3. Retro/Vintage Style
Older pieces of established design, typical of the 60s and 70s, are no longer just a collector’s craze and are on the rise in the Design Weekend galleries. All of this is the result of the vintage wave, which came from abroad and hit the country with force since the 2000s.
At the festival, what predominated was a retro movement in the “mix & match” style, which proposes the reinterpretation of furniture and the aesthetics of the past by combining them with contemporary technology and design. The exhibition “Eternal Moderns”, which was one of the main events of the festival, explored this theme well with the construction of innovative environments.
Those who identify with the style can invest in some key pieces, such as sets of framed photos, antiques, wooden floors, trunks, dressers, armchairs, chairs with toothpicks. Check out some of the items exhibited at the festival by Moora.
4. Mixing materials
The reuse of raw materials, as well as their combination with other elements, was a strong trend at the Salão do Móvel in Milan — and that was eventually transferred to the Brazilian Design Weekend.
The use of techniques that fuse unusual materials and textures are striking in several pieces by exhibitors, such as Inês Schertel’s wooden and wool benches, the Callas Vase made of glass, brass and bone, by Paulo Goldstein, and the infinity of chairs or metal swings combined with nautical rope, from exhibitors such as Tidelli and Artefacto Beach&Country.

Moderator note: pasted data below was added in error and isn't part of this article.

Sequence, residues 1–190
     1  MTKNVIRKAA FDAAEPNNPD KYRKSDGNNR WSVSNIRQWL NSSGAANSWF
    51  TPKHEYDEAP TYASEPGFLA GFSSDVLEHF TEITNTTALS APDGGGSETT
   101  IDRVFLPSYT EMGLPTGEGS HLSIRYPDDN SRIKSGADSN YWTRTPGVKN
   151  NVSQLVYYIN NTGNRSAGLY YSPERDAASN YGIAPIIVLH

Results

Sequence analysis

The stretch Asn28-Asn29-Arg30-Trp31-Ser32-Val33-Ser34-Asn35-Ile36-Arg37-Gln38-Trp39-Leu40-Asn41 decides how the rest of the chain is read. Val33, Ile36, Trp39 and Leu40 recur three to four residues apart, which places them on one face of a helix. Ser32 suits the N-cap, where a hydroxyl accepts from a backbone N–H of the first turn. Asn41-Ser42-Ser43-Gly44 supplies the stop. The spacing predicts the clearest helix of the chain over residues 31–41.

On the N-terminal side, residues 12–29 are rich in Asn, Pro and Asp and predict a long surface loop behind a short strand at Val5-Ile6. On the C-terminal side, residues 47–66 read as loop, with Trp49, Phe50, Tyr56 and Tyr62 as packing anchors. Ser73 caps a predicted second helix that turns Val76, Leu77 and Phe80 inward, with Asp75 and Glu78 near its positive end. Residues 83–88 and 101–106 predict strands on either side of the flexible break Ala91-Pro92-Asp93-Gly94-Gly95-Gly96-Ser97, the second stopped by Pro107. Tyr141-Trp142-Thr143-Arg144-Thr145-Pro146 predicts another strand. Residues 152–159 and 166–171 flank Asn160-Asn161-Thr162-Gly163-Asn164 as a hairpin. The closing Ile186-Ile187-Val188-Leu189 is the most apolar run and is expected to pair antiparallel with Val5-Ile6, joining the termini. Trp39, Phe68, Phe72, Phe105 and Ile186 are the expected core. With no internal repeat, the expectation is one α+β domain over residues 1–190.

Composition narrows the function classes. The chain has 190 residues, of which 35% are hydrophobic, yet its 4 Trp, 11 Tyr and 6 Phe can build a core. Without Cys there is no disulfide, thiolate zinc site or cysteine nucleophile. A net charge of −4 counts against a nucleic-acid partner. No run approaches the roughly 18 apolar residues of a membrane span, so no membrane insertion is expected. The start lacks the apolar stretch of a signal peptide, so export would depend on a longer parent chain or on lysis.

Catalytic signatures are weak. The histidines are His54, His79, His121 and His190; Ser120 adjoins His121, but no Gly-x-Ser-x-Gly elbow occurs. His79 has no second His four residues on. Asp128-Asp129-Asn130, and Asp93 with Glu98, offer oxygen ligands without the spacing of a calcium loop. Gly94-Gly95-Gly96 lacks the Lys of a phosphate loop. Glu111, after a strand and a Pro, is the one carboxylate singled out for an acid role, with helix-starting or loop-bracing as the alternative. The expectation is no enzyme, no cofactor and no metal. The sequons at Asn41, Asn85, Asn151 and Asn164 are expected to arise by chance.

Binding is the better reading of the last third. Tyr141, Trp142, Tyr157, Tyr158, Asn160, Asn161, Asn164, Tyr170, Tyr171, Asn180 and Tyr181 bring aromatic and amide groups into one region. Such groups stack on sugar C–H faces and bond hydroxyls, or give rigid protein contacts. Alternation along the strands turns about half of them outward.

This mix of styles can be a good bet when decorating the house or apartment, by creating unique compositions and harmonizing the environment.
5. Appreciation of geometry
The sculptural forms of objects, furniture and decorative items were some of the most evident trends of Design Weekend in every day of the festival. In this edition, mathematics joined aesthetics to create innovative and very unusual compositions.
Irregular, symmetrical and three-dimensional elements, such as those used in rugs Botteh or polygonal support desk Dieedro, invited the public to perceive other aesthetic approaches, frameworks and spatial perceptions.
The objective is to seek inspiration in the rigid lines of geometry to apply its essence to architecture and the fine arts. This language — which unites different shapes, textures and sizes — often creates a modern and minimalist air in different spaces.
To add all this personality to your home decor, the tip is to look for pieces whose unique and surprising design is evident in the signature of its creator. These items are born from accurate studies so that they stand out in the composition of any environment.
Art, architecture, landscaping and fashion flirt with design all the time on Design Weekend trends — whether it’s creating furniture and patterns or collaborating with experts to expand the uniqueness of every item sold at the festival.